VA Creates Special Office to Direct $16B Health Record Overhaul

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The House Veterans Affairs Committee also unveiled the lawmakers who will track the project from its new subcommittee.

The Veterans Affairs Department on Thursday announced it established a special office to make sure the agency’s multibillion electronic health record digitization effort stays on track.

The Office of Electronic Health Record Modernization, which launched last month, is responsible for managing the preparation, rollout and upkeep of the new medical record platform. The office will be headed by Genevieve Morris, who previously served as principal deputy national coordinator for health IT at the Health and Human Services Department.

After wasting more than $1 billion in six years on failed attempts to overhaul its outdated EHR system, VA in May awarded Cerner Corp. a 10-year, $10 billion deal to put the agency on the same platform as the Defense Department. On top of that, VA expects to spend nearly $6 billion on infrastructure upgrades. The rollout is scheduled to begin in October and hit full operating capability by March 2020. In the meantime, VA will spend about $1 billion per year to keep its old system, VistA, up and running.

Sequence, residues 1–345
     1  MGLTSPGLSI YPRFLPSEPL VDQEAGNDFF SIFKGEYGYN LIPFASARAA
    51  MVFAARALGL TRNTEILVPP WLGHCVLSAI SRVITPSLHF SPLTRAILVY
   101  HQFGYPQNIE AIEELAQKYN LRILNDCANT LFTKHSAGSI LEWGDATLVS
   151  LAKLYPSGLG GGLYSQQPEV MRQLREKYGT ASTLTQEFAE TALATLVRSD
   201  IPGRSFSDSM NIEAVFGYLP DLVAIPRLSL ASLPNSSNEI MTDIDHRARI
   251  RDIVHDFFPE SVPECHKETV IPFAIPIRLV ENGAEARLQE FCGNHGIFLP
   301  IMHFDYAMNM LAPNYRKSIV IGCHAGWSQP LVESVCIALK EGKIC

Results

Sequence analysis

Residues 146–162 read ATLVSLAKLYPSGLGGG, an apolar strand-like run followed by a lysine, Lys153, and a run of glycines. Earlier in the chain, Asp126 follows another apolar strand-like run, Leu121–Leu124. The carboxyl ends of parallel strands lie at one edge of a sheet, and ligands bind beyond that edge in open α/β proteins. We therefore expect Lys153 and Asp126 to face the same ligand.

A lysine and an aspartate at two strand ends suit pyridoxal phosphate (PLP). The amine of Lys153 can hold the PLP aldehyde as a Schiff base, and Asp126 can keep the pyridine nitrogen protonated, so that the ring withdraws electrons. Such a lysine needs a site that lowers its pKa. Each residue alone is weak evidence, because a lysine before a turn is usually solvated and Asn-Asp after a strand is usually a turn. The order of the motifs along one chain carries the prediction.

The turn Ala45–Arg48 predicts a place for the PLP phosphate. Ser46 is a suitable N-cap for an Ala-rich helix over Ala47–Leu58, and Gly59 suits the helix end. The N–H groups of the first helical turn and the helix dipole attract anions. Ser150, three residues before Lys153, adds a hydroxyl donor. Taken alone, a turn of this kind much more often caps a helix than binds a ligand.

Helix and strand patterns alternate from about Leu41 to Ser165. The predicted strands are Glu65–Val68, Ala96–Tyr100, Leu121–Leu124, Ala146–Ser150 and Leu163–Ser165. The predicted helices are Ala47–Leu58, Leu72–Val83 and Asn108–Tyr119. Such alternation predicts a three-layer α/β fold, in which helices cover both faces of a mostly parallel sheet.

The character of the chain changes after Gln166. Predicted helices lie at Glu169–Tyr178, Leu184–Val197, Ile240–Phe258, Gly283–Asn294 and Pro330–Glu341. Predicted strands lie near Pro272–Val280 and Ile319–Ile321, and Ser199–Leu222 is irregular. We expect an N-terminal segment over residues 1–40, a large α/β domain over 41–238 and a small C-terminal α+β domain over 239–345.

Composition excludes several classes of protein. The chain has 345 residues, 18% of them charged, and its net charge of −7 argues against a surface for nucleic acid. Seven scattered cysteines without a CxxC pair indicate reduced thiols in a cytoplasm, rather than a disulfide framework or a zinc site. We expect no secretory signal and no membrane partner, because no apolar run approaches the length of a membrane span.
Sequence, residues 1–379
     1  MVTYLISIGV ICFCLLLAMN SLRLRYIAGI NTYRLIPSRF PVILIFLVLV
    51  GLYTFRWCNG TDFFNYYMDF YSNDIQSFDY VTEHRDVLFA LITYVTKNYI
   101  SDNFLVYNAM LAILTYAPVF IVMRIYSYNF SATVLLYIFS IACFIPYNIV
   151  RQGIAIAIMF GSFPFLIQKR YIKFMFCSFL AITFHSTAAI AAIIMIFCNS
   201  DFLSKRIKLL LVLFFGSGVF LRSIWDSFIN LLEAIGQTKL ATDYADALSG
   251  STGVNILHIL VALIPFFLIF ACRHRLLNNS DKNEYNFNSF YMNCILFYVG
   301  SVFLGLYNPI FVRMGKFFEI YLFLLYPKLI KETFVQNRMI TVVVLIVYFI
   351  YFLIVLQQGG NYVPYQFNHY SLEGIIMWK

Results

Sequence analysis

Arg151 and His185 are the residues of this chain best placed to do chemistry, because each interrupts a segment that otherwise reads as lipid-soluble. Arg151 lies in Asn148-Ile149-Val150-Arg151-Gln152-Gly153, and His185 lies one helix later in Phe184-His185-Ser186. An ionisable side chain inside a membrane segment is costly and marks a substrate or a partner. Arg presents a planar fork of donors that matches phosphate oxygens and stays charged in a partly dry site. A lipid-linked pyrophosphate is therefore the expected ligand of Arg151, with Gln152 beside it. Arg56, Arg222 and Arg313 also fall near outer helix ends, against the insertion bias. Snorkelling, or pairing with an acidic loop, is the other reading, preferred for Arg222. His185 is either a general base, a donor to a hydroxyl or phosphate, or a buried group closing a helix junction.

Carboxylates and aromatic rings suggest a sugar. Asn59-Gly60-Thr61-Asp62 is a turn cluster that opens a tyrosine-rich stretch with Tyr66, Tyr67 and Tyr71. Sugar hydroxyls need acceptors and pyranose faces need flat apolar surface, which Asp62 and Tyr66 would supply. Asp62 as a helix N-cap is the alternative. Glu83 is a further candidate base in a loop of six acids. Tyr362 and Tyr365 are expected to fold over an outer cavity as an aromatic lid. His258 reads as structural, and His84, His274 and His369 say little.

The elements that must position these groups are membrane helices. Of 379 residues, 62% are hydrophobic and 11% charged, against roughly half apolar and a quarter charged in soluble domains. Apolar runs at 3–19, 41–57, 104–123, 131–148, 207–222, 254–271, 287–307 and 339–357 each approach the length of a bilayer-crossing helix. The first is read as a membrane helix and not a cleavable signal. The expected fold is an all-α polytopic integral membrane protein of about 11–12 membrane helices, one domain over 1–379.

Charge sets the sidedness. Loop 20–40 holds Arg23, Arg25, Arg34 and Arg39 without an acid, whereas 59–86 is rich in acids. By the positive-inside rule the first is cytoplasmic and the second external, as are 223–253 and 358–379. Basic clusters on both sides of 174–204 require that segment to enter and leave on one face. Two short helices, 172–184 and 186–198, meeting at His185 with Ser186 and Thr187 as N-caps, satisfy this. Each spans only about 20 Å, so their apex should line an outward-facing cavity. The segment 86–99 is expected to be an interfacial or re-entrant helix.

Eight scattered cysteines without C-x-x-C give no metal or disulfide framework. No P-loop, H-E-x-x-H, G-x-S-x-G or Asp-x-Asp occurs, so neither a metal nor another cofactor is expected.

“OEHRM, the Veterans Health Administration and the Office of Information and Technology will continue to collaborate closely to ensure this important transition is as smooth as possible for our veterans, clinicians and staff,” Morris said in a statement. “We are working hard to configure and design a system focused on quality, safety and patient outcomes, which will allow health IT innovations within one VA facility to be used across the entire VA healthcare system.”

The new office comes as the most recent attempt to increase oversight on a project lawmakers and government officials are viewing with skepticism.

Officials hoped the overhaul would enable seamless sharing of patient records between the two agencies, but the project has come under increased scrutiny after the Pentagon’s own testing determined the system was “neither operationally effective nor operationally suitable.”

The House Veterans Affairs Committee on Thursday also announced which of its lawmakers will serve as on its new oversight subcommittee, which will keep a close eye on the modernization project.

Rep. Jim Banks, R-Ind., will chair the subcommittee and Rep. Conor Lamb, D-Pa., will serve as ranking member. They will be joined by Reps. Jack Bergman, R-Mich., Mike Coffman, R-Colo., and Scott Peters, D-Calif.

While lawmakers have reaffirmed their support for the IT overhaul, they’ve repeatedly stressed the need for VA to keep them up to speed on its progress.

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